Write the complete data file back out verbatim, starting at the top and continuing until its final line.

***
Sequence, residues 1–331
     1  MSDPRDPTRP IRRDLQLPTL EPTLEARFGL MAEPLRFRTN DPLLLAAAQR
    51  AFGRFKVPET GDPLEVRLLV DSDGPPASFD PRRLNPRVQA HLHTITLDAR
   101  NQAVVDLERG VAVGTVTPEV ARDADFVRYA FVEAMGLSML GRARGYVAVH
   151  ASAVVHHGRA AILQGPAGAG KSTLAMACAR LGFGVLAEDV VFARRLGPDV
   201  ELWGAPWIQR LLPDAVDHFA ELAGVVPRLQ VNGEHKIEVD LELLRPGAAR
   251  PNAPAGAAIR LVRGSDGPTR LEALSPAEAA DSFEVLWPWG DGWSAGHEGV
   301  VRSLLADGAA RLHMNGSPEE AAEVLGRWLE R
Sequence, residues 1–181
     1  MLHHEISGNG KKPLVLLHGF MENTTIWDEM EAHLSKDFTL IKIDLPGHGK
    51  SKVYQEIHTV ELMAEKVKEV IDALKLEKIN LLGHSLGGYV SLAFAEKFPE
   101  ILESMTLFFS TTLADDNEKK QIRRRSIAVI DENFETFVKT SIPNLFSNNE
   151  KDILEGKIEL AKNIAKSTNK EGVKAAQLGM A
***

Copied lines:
Sequence, residues 1–331
     1  MSDPRDPTRP IRRDLQLPTL EPTLEARFGL MAEPLRFRTN DPLLLAAAQR
    51  AFGRFKVPET GDPLEVRLLV DSDGPPASFD PRRLNPRVQA HLHTITLDAR
   101  NQAVVDLERG VAVGTVTPEV ARDADFVRYA FVEAMGLSML GRARGYVAVH
   151  ASAVVHHGRA AILQGPAGAG KSTLAMACAR LGFGVLAEDV VFARRLGPDV
   201  ELWGAPWIQR LLPDAVDHFA ELAGVVPRLQ VNGEHKIEVD LELLRPGAAR
   251  PNAPAGAAIR LVRGSDGPTR LEALSPAEAA DSFEVLWPWG DGWSAGHEGV
   301  VRSLLADGAA RLHMNGSPEE AAEVLGRWLE R
Sequence, residues 1–181
     1  MLHHEISGNG KKPLVLLHGF MENTTIWDEM EAHLSKDFTL IKIDLPGHGK
    51  SKVYQEIHTV ELMAEKVKEV IDALKLEKIN LLGHSLGGYV SLAFAEKFPE
   101  ILESMTLFFS TTLADDNEKK QIRRRSIAVI DENFETFVKT SIPNLFSNNE
   151  KDILEGKIEL AKNIAKSTNK EGVKAAQLGM A